In a small, preliminary study presented at the European Association for the Study of Diabetes in Lisbon, Portugal, researchers at the University of Adelaide in Australia revealed that artificial sweeteners impair the body’s response to glucose, reducing control of blood sugar levels. 

The study involved 27 healthy participants who were given either capsules of the artificial sweeteners sucralose (brand name Splenda) and acesulfame K in an amount equivalent to consuming 1.5 liters of diet drinks a day or a placebo. 

It took just two weeks for the artificial sweetener group to show adverse effects to their blood sugar levels, including a reduction in numbers of the gut peptide GLP-1, which limits the rise in blood sugar after eating. Lead study author Richard Young, associate professor at the University of Adelaide, said in a news release, “This highlights the potential for exaggerated post-meal glucose levels in high habitual NAS [noncaloric artificial sweeteners] users, which could predispose them to developing Type 2 diabetes.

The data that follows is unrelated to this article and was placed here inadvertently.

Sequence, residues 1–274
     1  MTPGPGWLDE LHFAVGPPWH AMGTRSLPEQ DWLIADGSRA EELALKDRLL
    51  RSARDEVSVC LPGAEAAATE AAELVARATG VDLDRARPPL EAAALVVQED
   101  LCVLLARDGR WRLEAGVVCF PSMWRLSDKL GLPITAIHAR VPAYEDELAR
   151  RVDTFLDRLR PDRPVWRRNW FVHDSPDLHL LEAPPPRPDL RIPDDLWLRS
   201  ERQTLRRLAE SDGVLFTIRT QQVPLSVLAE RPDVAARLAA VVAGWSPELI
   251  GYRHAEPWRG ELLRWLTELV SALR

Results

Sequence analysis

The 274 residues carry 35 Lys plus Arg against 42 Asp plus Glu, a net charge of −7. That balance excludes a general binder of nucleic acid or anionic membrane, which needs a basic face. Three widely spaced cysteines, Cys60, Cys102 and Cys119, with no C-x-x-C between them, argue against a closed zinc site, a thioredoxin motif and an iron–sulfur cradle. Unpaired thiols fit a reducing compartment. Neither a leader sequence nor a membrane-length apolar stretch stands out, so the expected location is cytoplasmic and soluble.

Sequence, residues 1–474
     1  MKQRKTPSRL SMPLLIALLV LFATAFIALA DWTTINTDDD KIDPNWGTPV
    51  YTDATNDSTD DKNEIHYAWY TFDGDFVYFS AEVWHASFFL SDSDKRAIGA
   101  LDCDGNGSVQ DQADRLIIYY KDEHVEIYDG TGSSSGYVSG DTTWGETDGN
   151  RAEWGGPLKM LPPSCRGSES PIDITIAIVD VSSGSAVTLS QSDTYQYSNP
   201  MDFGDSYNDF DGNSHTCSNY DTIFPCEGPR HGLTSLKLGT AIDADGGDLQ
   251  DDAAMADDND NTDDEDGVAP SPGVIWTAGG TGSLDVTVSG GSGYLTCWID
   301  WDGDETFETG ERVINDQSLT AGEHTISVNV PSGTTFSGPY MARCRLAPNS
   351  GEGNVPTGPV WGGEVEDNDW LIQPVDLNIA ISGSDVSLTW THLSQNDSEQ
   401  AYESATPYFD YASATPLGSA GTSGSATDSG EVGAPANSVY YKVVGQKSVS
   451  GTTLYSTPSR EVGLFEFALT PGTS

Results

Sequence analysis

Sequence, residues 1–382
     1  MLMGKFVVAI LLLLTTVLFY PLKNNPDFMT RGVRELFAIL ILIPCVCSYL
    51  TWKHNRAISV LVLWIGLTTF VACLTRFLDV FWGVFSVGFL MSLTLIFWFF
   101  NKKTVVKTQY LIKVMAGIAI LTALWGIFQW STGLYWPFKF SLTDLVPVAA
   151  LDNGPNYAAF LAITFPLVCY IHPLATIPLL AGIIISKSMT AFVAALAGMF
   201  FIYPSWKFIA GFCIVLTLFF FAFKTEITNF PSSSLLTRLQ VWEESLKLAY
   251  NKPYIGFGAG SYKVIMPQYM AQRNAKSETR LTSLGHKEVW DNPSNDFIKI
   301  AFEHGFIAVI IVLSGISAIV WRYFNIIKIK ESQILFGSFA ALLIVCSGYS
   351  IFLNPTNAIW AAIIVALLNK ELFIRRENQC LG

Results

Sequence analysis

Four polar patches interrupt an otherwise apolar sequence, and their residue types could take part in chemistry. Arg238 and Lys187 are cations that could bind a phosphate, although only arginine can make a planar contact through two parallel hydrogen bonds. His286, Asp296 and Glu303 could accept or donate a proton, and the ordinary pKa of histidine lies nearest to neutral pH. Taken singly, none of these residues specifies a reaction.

Artificial sweeteners may increase your risk of weight gain, obesity, metabolic syndrome and other related problems like Type 2 diabetes by inducing “metabolic derangements,” according to a report published in the journal Trends in Endocrinology and Metabolism. Research published in Applied Physiology, Nutrition and Metabolism also found aspartame intake is associated with greater glucose intolerance in people with obesity.

Glucose intolerance is a condition in which your body loses its ability to cope with high amounts of sugar, and it’s a well-known precursor to Type 2 diabetes. It also plays a role in obesity, because the excess sugar in your blood ends up being stored in your fat cells. This means obese individuals who use aspartame may have higher blood sugar levels, which in turn will raise insulin levels, leading to related weight gain, inflammation and an increased risk of diabetes.

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